Duckworth: Promise of Stem Cells Should Trump Ideology
Sixth District Congressional Candidate Tammy Duckworth today joined families who would benefit from stem cell research at a neighborhood coffee gathering in Elmhurst. She discussed President Bush's promised veto of the Stem Cell Research Enhancement Act that passed in the U.S. Senate yesterday and released the following statement:
"I commend the members of the House and Senate who have worked on a bipartisan basis to provide hope to millions of Americans and their families through the passage of this bill.
"I lost my legs and am able to walk today with the help of prostheses. Stem cell research will not benefit me. But there are millions of Americans, some of them veterans, who cannot use their limbs because of spinal cord injuries. Stem cell research holds out hope that they could lead more normal lives.
"An ever-growing list of illnesses and conditions, from Alzheimer's to juvenile diabetes, could be treated and perhaps cured through increased funding for stem cell research. To unlock the true potential of this science, the President's restrictions on stem cell research must be lifted.
"There is a clear distinction between the two candidates for Congress on this issue. My opponent has led the fight against stem cell research in the legislature in Springfield. Not only does he oppose public funding of stem cell research; he would actually prohibit even privately funded research on ideological grounds. I do not believe that his extreme views represent the feelings of the vast majority of 6th District residents.
"In Congress, I would vote to override the President's promised veto and enable promising stem cell research to go forward with public support. My opponent would no doubt vote to uphold the President's veto. That's a clear choice for 6th District voters who believe, as I do, that hope and science should trump ideology when the lives of millions of Americans are on the line."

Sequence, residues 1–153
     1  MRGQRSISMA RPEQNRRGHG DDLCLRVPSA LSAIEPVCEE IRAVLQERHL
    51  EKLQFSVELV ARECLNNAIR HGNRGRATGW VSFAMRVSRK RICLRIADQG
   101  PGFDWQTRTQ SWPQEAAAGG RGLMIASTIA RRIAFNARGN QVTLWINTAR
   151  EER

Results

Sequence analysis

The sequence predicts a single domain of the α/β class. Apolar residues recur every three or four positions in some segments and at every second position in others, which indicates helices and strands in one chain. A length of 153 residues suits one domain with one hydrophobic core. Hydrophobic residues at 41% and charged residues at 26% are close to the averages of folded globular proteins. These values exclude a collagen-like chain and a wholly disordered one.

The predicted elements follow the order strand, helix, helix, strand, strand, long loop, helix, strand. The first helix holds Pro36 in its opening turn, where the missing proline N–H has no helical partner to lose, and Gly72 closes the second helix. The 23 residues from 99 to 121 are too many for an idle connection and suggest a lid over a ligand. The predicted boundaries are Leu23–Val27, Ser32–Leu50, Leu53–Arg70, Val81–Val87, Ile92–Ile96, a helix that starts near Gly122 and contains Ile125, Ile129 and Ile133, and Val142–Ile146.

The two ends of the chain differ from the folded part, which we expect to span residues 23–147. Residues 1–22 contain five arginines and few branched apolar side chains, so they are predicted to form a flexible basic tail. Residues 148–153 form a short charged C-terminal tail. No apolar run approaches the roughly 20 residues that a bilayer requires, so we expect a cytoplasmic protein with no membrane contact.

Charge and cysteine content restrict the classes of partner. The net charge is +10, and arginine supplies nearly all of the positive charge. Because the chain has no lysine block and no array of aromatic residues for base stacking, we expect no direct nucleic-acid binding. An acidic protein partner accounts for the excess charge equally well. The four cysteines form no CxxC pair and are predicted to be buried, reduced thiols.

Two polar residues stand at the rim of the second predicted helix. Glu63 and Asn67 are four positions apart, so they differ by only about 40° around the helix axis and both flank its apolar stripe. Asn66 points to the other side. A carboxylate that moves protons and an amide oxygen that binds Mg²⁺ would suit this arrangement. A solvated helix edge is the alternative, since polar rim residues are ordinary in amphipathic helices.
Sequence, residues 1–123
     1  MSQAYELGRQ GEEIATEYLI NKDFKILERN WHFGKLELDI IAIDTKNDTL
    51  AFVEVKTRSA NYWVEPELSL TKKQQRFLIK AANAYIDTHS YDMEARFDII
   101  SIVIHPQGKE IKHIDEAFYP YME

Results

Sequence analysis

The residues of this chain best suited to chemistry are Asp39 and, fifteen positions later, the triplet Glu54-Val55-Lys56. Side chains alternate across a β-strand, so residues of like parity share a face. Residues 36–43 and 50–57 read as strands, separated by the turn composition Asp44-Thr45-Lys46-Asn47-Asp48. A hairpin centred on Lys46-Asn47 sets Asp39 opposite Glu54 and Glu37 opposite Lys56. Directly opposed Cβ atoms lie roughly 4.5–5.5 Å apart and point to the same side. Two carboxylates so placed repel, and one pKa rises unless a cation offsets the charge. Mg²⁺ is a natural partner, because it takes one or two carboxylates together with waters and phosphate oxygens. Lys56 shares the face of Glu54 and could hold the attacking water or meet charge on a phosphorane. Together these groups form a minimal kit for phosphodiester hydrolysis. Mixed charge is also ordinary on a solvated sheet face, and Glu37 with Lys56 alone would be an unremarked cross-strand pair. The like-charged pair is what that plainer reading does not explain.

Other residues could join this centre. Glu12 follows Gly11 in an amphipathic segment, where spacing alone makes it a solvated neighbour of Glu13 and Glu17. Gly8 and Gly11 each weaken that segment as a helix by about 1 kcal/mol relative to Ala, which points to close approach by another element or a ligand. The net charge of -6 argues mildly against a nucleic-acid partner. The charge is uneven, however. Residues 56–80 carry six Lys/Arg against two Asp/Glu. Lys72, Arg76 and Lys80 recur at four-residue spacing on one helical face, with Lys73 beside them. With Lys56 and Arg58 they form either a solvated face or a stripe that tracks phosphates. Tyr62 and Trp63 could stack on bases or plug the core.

State Sen. Peter Roskam, has been ardent opponent of embryonic stem cell research. In May, 2004, he opposed legislation that would have established a state policy that research using embryonic stem cells and adult stem cells would be permitted, subject to review by an institutional review board.
This was followed by his vote in November 2004 against "The Ronald Reagan Biomedical Research Act." At the time, the Chicago Tribune described that bill as a largely symbolic measure supporting "privately-funded stem-cell research" (Tribune, 11/24/04).
In 2005, Roskam voiced opposition to a proposed state ballot initiative establishing the Illinois Regenerative Medicine Institute. This year, Roskam was among a group of state Senators who threatened to block passage of the entire state budget if it included any funding for stem cell research.